The mother of four opened the store 21 years ago in honor of her late grandmother and named it after her. Mejilla-Bohrn pointed to a portrait of Concepcion hanging proudly above the poofy dresses.

“Quiero ayudar a mi familia. Todos a ellos como que son mi familia”, ella dijo.

Translated: “I want to help my family. And everyone here is like my family,” she said.


Although, she said one challenge she has had to overcome is making sure her products are known on a wider scale through marketing and advertising. She now utilizes her online store to account for that, but it was an obstacle when she was first opening.

It’s business owners like her that a group of people in Columbia wanted to help. They were led by Jonathan Verdejo, a local DJ and business owner. Verdejo and a couple others wanted to start a Hispanic Chamber of Commerce based out of Columbia in 2018. Verdejo currently serves as a board member for the Columbia Chamber of Commerce and co-owns Blue Diamond Events.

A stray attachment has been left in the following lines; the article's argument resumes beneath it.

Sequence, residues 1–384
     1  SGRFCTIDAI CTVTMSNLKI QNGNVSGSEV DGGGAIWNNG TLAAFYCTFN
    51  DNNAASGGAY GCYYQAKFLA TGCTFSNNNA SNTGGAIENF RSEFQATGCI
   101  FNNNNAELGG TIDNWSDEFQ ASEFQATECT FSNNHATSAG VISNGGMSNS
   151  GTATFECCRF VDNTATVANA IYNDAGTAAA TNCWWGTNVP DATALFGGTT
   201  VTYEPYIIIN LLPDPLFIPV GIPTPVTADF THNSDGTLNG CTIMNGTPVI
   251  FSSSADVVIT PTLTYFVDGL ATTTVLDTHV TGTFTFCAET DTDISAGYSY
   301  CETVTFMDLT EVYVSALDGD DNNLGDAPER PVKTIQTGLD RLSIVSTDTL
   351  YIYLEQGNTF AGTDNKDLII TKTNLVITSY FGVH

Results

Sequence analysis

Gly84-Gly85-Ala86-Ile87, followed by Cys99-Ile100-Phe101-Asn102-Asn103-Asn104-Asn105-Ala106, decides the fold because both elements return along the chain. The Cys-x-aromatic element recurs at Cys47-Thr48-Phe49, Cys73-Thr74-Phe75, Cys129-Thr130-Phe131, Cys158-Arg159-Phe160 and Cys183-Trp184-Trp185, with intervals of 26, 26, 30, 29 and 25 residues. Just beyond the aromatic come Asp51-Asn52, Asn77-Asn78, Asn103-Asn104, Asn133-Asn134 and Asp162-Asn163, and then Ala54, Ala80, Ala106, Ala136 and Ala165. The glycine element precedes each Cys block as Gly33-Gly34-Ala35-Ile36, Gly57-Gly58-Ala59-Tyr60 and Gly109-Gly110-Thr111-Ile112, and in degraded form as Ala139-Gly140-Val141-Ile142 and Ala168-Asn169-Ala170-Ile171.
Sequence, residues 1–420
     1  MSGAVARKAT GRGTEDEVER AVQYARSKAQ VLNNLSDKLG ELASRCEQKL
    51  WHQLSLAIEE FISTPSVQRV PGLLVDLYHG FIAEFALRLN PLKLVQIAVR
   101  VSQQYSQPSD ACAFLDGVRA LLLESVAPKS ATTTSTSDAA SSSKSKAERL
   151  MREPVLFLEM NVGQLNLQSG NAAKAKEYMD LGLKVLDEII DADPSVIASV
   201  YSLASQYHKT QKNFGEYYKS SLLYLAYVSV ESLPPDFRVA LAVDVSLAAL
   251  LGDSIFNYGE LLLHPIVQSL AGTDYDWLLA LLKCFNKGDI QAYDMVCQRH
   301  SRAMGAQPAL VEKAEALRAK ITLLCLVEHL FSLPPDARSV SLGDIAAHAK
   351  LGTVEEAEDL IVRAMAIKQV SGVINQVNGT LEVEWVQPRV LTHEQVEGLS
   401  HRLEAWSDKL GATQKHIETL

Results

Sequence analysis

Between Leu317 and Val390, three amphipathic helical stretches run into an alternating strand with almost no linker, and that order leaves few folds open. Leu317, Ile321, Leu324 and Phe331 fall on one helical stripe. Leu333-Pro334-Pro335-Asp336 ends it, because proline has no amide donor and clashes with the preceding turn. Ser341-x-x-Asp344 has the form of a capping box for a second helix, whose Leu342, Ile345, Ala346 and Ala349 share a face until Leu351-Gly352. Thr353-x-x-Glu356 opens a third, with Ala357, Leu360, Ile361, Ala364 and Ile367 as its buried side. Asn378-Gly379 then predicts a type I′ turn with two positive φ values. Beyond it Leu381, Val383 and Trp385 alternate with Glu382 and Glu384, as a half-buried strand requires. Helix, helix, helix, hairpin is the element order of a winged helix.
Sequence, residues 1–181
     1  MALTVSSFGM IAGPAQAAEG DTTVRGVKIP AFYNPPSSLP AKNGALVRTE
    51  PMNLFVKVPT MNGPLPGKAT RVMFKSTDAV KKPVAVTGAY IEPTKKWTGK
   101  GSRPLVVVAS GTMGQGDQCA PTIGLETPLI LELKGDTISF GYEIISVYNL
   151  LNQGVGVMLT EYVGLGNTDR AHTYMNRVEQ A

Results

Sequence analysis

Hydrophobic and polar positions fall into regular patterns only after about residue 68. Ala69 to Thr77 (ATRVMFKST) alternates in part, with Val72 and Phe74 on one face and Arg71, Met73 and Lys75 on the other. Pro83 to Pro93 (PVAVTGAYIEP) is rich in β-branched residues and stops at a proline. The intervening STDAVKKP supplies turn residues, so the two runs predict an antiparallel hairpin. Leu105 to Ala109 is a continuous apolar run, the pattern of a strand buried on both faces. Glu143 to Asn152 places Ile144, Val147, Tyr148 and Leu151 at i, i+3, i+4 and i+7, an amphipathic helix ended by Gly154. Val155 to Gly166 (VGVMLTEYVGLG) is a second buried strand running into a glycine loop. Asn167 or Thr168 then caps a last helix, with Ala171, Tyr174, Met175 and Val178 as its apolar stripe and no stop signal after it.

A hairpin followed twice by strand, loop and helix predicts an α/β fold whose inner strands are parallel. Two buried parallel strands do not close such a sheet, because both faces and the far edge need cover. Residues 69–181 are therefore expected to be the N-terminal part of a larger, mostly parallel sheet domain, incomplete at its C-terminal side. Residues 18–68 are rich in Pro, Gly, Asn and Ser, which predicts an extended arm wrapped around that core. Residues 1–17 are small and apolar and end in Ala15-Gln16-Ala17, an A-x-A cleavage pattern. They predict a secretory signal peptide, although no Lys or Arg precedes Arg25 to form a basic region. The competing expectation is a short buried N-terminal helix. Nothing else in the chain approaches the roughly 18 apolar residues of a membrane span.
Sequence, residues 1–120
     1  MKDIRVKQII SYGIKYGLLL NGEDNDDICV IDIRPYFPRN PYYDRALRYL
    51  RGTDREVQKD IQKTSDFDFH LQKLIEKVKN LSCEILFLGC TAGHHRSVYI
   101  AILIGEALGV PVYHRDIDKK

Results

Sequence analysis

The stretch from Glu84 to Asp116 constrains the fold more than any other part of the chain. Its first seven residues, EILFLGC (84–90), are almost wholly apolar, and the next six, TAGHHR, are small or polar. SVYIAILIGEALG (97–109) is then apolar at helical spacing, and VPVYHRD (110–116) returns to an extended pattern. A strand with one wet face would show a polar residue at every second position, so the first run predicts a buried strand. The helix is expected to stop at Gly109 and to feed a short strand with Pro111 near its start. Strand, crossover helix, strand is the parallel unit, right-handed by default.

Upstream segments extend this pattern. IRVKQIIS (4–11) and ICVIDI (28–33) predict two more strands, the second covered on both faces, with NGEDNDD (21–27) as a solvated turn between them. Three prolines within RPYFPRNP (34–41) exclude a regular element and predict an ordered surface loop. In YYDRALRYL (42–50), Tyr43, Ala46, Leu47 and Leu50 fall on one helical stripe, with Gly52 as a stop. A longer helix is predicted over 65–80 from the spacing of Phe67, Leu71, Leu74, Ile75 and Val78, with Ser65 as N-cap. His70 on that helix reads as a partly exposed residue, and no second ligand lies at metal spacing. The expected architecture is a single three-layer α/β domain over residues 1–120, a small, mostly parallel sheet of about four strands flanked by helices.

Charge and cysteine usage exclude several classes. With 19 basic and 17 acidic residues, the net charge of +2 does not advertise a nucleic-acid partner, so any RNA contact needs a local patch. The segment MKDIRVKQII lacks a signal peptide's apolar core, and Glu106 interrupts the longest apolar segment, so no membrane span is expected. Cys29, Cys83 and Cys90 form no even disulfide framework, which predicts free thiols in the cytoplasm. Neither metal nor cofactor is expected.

Funnily enough, he actually knew about Concepcion Bridal and Quinceañera without ever having gone there.

“And this is funny: I have never talked to those people that own that place. I have never been there,” he admitted. It just shows how close Latino communities can be, even miles apart.

Jonathan Verdejo enters the Columbia Chamber of Commerce on Monday, Feb. 28, 2022 in Columbia, Mo. Verdejo became a board member in 2020 after several years of membership. Nevin Dubinski/Missouri Business Alert

Verdejo had intended to help business owners like Mejilla-Bohrn with resources, information and connections.

Unfortunately, after five years, Verdejo has paused his effort to start a mid-Missouri Hispanic Chamber of Commerce. Verdejo said there are a lot of reasons that led to his decision, but the biggest reasons he attributes are lack of time and local resources.

“It’s difficult to just kind of pick up and do that, and make it happen out of nowhere, out of nothing,” he said.


In Columbia, Verdejo said there just wasn’t enough buy-in from people to make it a success. He said it takes a lot of people to handle all of the tasks that go into creating a chamber.